[TUHS] SunOS vs Linux

Joerg Schilling schily at schily.net
Tue Jan 10 21:02:45 AEST 2017


Rico Pajarola <rp at servium.ch> wrote:

> Now stop picking on Joerg already. Not every university was invested in
> Unix. In practice Unix source was pretty much unobtainable if you happened
> to live outside of the "Unix bubble".
>
> I grew up and went to school/university in Switzerland, and getting access
> to UNIX source was nothing but a crazy pipe dream at the time. I don't even
> know if my university had a source license (I can't imagine they didn't),
> but in any case it wasn't something that they would let you use as a normal
> student. None of my inquiries at the time resulted in anything that would
> allow me to get access to Unix source. If the university had it, this
> wasn't public information, and they didn't share. I couldn't prove that my
> university had a license, and I had no way to get the actual bits. This was
> the 90ies btw.

Well, I did not say that it was easy and that every university did have source 
access, but universities that had people who have been interested in UNIX did 
usually try to get source access.

It did take time to get it and I remember that TU-Berlin received the Svr2 
sources when AT&T launched Svr3.

In order to get SunOS source code, you needed to have a AT&T source license and 
another from Sun. This was close to impossible for a smaller company......

On the other side, Sun did give away parts of the SunOS source that was not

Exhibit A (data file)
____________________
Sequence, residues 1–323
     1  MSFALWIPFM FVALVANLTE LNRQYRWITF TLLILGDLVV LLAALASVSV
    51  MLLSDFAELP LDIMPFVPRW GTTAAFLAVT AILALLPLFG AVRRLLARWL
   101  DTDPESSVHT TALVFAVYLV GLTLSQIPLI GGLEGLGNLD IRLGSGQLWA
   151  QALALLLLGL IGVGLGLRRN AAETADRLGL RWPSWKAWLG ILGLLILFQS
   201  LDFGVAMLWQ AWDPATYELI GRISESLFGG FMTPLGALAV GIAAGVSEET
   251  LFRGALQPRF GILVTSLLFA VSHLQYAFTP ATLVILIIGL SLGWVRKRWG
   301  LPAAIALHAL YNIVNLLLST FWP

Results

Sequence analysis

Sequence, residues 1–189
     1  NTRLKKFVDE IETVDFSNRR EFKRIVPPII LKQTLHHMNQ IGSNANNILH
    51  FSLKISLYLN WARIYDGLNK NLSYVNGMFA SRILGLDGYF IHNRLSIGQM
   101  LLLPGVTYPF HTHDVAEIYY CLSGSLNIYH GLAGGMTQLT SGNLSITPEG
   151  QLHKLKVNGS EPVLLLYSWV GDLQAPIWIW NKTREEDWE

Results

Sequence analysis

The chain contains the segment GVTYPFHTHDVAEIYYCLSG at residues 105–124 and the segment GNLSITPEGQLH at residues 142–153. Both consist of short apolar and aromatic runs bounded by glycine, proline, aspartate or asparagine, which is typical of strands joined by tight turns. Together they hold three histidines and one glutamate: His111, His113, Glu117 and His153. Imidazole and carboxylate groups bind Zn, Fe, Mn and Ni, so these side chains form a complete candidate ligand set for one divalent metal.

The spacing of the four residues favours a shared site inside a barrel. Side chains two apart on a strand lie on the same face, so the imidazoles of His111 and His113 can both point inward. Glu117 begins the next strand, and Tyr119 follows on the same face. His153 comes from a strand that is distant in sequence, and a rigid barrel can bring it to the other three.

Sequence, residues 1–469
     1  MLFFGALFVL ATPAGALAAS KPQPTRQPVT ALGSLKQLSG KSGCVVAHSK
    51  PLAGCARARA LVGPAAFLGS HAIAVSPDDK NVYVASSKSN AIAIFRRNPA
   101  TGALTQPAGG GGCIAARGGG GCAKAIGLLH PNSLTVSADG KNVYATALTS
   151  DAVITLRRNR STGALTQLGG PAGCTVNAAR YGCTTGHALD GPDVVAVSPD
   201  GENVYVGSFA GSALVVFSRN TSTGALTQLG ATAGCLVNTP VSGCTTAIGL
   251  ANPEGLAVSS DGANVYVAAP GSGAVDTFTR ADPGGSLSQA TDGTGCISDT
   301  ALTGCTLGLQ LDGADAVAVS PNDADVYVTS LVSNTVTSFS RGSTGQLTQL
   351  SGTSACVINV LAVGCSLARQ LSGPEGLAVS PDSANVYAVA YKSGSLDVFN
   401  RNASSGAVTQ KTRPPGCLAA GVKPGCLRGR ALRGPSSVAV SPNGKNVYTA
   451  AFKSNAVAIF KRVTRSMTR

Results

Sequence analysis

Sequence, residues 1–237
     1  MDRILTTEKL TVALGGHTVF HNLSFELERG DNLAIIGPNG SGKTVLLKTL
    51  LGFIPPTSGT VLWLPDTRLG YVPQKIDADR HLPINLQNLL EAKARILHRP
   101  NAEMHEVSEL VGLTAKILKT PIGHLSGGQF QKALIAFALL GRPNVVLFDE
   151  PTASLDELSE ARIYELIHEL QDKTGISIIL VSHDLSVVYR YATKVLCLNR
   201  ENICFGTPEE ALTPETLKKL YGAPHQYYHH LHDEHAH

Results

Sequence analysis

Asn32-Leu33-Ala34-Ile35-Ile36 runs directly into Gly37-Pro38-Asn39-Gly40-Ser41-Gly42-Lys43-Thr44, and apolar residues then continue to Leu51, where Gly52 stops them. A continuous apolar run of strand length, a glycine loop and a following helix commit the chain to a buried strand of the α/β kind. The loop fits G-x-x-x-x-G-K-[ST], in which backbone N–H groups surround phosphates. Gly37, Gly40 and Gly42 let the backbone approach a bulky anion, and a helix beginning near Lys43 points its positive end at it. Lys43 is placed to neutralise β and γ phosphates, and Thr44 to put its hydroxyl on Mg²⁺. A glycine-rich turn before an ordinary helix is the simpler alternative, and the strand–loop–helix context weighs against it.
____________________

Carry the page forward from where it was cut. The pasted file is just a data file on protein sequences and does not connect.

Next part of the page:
based on AT&T code. If you have been a big OEM (and H.Berthold AG was a big 
OEM) you received what Sun believed was helpful for business. I e.g. received 
the keyboard driver in spring 1986 and I wrote the enhancements to support 155 
keys from the Berthold keyboard and to switch layouts for different languages.

In January 1986, I received a one sheet of paper description for a SCSI VME 
board that was made of a DMA chip and a few PALs. I wrote a SCSI driver and we 
demonstrated a SCSI interface to our high resolution scanner at the "Drupa"
fair in April 1986 in Düsseldorf. The demo used a diskless client machine as I 
could either bind the Sun SCSI framework into the kernel or mine and then we 
could no longer access disks. 

Sun mamagers attended that fair and a few weeks later, I had access to the Sun 
SCSI driver framework and to Matthew Jacobs - the architect of that code. This 
resulted in my "scg" driver, the first SCSI pass through driver that I used to
e.g. format disks while the kernel was running. Sun at that time had to boot a 
standalone program for disk formatting, but Sun did take my idea after I 
explained it to Matthew Jacobs.

Even with these connections, I was not able to get a AT&T source license for a 
complete SunOS kernel source. This was because IIRC the AT&T license did cost 
200000 $ for non-university entities and H.Berthold AG would not spend that 
much money for a source license. Here Horst Winterhoff helped and asked Bill 
Joy whether he could give me the sources for my dimploma thesis.

So you are right, you had to be somehow connected to the right people to get 
source access. But people who have been interested usually have been 
connected...even though the world was harder to explore these days.

Jörg

-- 
 EMail:joerg at schily.net                  (home) Jörg Schilling D-13353 Berlin
       joerg.schilling at fokus.fraunhofer.de (work) Blog: http://schily.blogspot.com/
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